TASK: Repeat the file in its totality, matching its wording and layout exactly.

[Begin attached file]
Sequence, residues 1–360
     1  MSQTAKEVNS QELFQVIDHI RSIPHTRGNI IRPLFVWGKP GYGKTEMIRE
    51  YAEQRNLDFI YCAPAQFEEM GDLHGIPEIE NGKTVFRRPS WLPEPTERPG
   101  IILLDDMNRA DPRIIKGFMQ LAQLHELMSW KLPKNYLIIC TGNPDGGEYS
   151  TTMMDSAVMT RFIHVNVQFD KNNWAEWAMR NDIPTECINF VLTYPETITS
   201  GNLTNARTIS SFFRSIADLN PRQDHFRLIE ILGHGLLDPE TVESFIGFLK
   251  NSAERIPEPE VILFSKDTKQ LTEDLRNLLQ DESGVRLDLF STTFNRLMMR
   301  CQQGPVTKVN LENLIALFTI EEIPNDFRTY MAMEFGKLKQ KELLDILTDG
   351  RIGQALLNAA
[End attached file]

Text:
Sequence, residues 1–360
     1  MSQTAKEVNS QELFQVIDHI RSIPHTRGNI IRPLFVWGKP GYGKTEMIRE
    51  YAEQRNLDFI YCAPAQFEEM GDLHGIPEIE NGKTVFRRPS WLPEPTERPG
   101  IILLDDMNRA DPRIIKGFMQ LAQLHELMSW KLPKNYLIIC TGNPDGGEYS
   151  TTMMDSAVMT RFIHVNVQFD KNNWAEWAMR NDIPTECINF VLTYPETITS
   201  GNLTNARTIS SFFRSIADLN PRQDHFRLIE ILGHGLLDPE TVESFIGFLK
   251  NSAERIPEPE VILFSKDTKQ LTEDLRNLLQ DESGVRLDLF STTFNRLMMR
   301  CQQGPVTKVN LENLIALFTI EEIPNDFRTY MAMEFGKLKQ KELLDILTDG
   351  RIGQALLNAA